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​​​​​Thermal FAQ: pipe freezing.​

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 TI: Pipe Freezing

FAQ Pipe Freezing​.


 

What thickness of insulation will prevent pipe freezing?

If water remains stationary within a pipe and the ambient temperature remains below the freezing temperature (0 °C) indefinitely then eventually the water will freeze. This will occur regardless of the thickness of insulation applied.

Insulation of pipework does however offset the time before freezing occurs. If freezing can be offset by 12 hours or more (lasting through a whole evening in the Winter) then it is unlikely the pipe will ever freeze.


 

What insulation thickness’s do the water regulations recommend?

UK water regulations identify 2 scenarios: “normal conditions” and “extreme conditions”. Normal conditions are taken as pipework within the building fabric but in areas which are normally unheated - such as cloak rooms, loft spaces, garages etc. Under normal conditions pipework is expected to resist freezing for a minimum of 12 hours at -6 °C.

The thicknesses of Kaiflex ST Class O needed to achieve this are as follows: ​

​Pipe O.D.
mm

​Pipe N.B.
mm

​Thickness
mm

​15​13.6​25*
​22​20.2​19
​28​26.2​9
​35​32.6​9
​42​39.6​9
​54​51.6​9

*Note on 15 mm pipe and smaller the thicknesses of insulation required to offset freezing by 12 hours are so great as to be impractical. Water regulations advice is to apply the largest thickness available - even though this will not provide 12 hours protection.


 

Why are thicknesses larger on small bore pipe?

Smaller pipes carry a much smaller volume of water and since the dominant factor when calculating freezing times is the thermal mass of water contained within pipework small pipes freeze much more quickly.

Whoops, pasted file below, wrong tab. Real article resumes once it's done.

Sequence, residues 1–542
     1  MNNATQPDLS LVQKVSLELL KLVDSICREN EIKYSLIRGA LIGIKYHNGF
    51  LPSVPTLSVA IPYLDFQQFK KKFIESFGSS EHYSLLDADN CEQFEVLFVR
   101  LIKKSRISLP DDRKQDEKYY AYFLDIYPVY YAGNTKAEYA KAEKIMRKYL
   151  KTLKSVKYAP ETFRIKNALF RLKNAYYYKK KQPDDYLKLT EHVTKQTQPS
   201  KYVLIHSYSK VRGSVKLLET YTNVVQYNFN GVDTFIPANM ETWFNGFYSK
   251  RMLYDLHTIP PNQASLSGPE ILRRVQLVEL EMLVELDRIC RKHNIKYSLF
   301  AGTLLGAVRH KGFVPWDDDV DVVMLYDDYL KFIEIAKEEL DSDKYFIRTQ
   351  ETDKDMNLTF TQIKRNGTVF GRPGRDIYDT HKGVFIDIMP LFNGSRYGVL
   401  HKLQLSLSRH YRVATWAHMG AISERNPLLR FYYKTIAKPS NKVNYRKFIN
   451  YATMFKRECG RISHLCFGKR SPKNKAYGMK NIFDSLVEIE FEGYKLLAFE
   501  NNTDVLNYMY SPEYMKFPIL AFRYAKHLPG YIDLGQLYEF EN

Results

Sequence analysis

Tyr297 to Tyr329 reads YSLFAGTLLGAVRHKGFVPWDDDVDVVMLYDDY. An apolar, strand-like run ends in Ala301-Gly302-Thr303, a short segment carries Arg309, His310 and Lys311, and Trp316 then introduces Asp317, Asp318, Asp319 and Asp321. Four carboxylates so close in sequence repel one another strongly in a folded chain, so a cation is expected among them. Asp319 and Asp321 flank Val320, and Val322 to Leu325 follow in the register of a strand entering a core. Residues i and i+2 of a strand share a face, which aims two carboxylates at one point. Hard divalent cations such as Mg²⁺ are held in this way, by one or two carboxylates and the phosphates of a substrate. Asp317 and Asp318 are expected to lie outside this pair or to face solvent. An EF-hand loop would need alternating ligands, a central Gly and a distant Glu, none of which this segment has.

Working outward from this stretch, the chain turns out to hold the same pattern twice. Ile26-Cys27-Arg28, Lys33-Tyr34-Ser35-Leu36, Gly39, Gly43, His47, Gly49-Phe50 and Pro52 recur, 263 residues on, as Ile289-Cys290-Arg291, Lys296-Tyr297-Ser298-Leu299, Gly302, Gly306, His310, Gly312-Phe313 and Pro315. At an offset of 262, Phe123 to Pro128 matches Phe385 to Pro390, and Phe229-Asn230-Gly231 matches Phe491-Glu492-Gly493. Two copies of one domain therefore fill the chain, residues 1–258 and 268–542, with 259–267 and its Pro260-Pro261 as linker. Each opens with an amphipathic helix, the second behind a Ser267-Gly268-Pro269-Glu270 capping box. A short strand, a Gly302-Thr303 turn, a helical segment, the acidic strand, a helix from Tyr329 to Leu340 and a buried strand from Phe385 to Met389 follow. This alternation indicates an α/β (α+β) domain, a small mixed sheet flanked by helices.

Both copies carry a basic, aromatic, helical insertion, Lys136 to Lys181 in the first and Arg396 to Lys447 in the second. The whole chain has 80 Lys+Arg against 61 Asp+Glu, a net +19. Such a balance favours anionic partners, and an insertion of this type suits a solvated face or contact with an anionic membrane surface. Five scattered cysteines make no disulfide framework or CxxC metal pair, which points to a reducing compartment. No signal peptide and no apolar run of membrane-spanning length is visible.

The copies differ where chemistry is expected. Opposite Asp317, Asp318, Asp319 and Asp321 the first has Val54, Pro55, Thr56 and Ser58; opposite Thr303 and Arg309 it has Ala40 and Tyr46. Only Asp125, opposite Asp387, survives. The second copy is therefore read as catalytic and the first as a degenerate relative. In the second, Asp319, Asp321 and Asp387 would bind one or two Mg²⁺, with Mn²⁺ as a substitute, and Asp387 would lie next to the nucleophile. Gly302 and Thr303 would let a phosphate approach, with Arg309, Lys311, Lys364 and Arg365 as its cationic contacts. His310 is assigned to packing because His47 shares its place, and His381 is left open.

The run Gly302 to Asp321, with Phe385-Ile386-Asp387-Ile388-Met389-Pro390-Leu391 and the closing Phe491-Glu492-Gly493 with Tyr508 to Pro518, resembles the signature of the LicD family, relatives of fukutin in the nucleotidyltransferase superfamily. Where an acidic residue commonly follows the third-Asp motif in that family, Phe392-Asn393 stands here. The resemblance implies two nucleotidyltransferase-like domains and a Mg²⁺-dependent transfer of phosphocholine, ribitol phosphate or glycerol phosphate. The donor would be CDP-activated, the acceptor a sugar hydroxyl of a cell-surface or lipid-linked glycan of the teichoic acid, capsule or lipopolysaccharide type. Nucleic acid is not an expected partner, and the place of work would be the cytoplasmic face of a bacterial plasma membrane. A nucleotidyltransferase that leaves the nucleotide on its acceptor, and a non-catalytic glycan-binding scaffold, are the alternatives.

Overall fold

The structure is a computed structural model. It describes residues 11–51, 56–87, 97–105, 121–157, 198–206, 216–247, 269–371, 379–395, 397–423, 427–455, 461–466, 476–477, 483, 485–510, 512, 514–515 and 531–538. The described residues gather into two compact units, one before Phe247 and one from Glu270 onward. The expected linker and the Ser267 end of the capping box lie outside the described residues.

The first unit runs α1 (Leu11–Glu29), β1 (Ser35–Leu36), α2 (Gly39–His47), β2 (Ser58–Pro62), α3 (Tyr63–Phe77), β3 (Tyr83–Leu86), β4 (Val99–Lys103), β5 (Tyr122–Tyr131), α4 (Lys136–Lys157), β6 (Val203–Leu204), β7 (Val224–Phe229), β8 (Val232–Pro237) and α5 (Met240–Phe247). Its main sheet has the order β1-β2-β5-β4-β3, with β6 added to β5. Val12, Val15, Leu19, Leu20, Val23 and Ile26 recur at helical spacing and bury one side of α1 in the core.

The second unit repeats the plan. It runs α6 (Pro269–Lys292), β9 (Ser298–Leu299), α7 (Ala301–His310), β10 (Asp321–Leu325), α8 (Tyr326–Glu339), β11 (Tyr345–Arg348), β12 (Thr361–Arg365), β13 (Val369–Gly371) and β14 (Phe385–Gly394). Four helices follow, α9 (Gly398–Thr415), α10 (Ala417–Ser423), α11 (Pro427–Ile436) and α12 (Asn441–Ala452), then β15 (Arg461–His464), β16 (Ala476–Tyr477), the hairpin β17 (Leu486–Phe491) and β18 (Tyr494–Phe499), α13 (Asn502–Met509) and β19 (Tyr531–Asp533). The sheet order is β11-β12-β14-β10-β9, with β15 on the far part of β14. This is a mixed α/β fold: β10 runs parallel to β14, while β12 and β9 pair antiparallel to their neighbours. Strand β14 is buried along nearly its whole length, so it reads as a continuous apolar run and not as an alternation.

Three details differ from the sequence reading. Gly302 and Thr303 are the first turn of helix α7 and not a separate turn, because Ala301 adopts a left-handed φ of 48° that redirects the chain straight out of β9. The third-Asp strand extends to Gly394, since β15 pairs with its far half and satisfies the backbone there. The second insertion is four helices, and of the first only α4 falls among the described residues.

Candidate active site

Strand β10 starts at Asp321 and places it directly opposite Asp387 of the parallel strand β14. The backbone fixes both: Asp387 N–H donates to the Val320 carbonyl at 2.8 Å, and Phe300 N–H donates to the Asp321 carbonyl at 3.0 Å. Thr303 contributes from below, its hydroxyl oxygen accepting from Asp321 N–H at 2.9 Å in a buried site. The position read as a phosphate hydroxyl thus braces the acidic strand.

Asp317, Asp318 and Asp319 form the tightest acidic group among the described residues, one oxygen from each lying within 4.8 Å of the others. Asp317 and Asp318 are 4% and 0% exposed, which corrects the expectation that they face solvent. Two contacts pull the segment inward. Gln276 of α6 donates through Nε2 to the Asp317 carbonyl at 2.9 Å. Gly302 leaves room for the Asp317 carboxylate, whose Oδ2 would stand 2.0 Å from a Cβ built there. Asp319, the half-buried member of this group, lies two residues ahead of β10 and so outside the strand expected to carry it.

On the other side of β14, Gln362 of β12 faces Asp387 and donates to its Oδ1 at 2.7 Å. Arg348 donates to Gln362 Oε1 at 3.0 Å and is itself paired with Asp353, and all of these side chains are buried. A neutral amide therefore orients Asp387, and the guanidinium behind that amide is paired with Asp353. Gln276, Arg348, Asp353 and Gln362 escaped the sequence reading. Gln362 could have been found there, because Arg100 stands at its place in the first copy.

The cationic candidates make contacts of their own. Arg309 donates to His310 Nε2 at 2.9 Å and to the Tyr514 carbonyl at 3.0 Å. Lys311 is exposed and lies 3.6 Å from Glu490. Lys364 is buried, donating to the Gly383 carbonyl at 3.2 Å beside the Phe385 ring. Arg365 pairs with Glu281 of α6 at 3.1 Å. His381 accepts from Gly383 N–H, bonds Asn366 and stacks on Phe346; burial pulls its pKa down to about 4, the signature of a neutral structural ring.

The principle underlying this is the same as that which causes streams and puddles to freeze overnight during the winter whilst rivers and lakes require freezing temperatures to persist for several days before freezing occurs


 

How can I prevent freezing if the temperature stays below freezing for several days/weeks?

Since the insulation only delays the time before freezing occurs, if the temperature is expected to remain below freezing indefinitely and the water in the pipe will be stationary for all of that time insulation alone will not be able to prevent pipe freezing.

The most reliable approach to preventing pipe freezing in this circumstance is to drain the system of water when not in use. An alternative approach would be to ensure a regular flow of water through the system.

A third approach would be to apply insulation in conjunction with self-regulating trace heating cable and this is preferred as the most practical option for many serious commercial applications.


 

What thickness of insulation should I use with trace heating cable?

To determine this calculate the likely heat loss from the pipe at the minimum temperature anticipated - the result should be given in W/m. If this heat loss is less than the Wattage rating of the trace heating cable then the trace heating cable will be able to keep the pipe at a constant temperature.

If the heat loss is greater than the Wattage rating of the trace heating cable then the thickness of insulation should be increased.


 

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